Inside the James E. Shepard Library, just before entering into the office of Andre D. Vann, coordinator of university archives, you notice black and white portraits that date back to the early 1900s.
In a showcase table there are depictions of the African-American experience, especially as it played out in the American South. There are photographs of NAACP and CORE marches – all engaged in the struggle for improved working conditions and the desegregation of Durham’s public facilities. Above that is another photograph of a march in Chapel Hill. Its caption reads: “walk/freedom.”
Then there’s the hang sign that bluntly says: “archives.” It all gives you a sense of what Vann is passionate about.
Once in Vann’s office you see a desk covered with books, notebooks and journals. Stockpiles of folders fill his shelves.
Vann isn’t just the coordinator and head of the direction of archives at N.C. Central University. He is what many might call the NCCU’s repository. He recounts a recent telephone call when an NCCU professor opened with these words: “If anybody can answer this question, Mr. Vann can answer this question.”
Vann grew up in Henderson, N.C., where he lived within walking distance of his uncles, aunts, grandparents, and other extended family. His father, Edward, owned a small grocery store. From early childhood Vann learned about the importance of treasuring history and a close community.
“It was my grandparents who introduced me to old pictures of distant cousins and family members,” said Vann.
On top of serving as NCCU’s archivist Vann has published books in the
Arcadia Black America Series that photographically explore the black experience in North Carolina.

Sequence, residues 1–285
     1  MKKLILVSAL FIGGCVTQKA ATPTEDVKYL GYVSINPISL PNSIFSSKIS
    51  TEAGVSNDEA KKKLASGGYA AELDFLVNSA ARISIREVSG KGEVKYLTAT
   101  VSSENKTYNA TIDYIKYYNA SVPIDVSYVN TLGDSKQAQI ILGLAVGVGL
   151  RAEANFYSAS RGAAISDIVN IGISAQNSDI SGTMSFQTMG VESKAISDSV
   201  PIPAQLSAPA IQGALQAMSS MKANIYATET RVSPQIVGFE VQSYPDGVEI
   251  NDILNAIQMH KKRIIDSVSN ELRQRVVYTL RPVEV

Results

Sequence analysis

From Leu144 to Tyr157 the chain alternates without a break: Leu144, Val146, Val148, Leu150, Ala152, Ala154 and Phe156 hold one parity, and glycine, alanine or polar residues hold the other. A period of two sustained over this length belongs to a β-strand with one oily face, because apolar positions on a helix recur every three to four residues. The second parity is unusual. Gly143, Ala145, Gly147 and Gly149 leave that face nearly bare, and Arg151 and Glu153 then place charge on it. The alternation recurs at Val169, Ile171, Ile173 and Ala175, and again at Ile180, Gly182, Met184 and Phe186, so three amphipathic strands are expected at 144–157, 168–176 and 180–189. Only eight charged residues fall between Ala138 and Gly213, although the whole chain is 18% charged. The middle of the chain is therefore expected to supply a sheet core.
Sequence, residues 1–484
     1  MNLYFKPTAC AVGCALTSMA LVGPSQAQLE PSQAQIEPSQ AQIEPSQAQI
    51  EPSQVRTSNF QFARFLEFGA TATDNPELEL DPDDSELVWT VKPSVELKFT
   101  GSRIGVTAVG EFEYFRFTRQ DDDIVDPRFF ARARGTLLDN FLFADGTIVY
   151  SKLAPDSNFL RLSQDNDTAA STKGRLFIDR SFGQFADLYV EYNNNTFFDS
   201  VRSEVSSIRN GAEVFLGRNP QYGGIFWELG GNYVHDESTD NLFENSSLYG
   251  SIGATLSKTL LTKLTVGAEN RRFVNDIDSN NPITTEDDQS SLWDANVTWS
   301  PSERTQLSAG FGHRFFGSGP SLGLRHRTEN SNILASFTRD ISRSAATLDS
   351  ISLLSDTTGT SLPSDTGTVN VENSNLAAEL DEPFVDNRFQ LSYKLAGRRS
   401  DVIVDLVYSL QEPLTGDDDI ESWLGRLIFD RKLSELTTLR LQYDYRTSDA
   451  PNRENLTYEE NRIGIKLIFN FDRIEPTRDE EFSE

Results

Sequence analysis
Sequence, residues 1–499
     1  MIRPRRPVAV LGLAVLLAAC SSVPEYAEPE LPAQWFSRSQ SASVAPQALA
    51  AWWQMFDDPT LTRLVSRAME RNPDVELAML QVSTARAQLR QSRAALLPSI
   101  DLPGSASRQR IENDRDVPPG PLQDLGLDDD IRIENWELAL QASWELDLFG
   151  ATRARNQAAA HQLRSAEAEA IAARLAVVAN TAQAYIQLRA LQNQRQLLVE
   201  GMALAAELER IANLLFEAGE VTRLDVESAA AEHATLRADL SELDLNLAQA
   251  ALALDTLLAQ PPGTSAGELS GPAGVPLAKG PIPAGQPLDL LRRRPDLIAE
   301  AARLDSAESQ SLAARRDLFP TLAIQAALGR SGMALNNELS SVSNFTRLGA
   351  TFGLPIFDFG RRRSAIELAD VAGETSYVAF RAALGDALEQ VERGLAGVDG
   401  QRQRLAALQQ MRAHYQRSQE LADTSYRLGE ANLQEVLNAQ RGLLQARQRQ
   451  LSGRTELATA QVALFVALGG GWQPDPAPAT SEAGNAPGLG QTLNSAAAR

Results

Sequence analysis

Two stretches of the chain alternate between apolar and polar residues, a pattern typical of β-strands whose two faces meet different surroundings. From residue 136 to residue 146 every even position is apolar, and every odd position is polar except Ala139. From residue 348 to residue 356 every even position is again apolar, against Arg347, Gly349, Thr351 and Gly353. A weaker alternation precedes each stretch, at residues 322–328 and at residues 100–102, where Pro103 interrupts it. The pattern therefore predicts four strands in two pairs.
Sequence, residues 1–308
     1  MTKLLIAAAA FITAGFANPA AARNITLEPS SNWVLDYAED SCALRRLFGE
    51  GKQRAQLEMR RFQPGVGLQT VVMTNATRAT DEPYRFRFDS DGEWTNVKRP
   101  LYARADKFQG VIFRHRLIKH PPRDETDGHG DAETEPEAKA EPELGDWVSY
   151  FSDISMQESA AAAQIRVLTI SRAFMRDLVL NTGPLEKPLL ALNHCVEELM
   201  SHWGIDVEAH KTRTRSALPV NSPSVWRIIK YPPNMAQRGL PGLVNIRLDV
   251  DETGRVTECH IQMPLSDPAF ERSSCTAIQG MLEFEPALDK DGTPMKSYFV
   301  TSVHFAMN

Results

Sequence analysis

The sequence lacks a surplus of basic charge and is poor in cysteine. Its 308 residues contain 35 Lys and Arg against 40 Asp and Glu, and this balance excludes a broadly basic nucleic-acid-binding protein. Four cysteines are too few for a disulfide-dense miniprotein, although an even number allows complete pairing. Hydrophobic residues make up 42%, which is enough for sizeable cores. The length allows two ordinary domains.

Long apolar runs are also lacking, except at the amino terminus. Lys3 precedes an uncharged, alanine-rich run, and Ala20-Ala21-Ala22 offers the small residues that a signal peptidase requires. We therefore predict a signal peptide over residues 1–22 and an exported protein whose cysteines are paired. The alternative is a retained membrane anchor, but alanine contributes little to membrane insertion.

“Durham’s Hayti,” (1999), which he co-authored with Beverly Washington Jones, pictorially, with historical photographs, examines Durham’s prosperous and culturally rich Hayti neighborhood — its churches, schools, and businesses.
In “Vance County, North Carolina” (2000) Vann provides a pictorial history of the educational, spiritual, commercial and civic contributions of the county’s black citizens.
“I like to write about people’s lives and their experiences because that’s how we learn and grow,” said Vann. “Most of the time I’m writing about a person or people who have passed away, it’s my task to prepare them for the next generation of people who might not know who those people were or person was.”
Coming from humble beginnings Vann may never have imagined that he would one day become an archivist at a public university where he plays the important role of safeguarding and storing NCCU’s past, both physical and digital. “Well I’ll say I’ve made some milestones, but of course I’m not at that stage yet where I have taken stock for what I have done,” said Vann. “I initially thought I was going be public school teacher.”
Vann describes his role as a “heavy burden,” but one that presents many opportunities to talk and deal with a lot of people that ordinarily he wouldn’t have the chance to meet.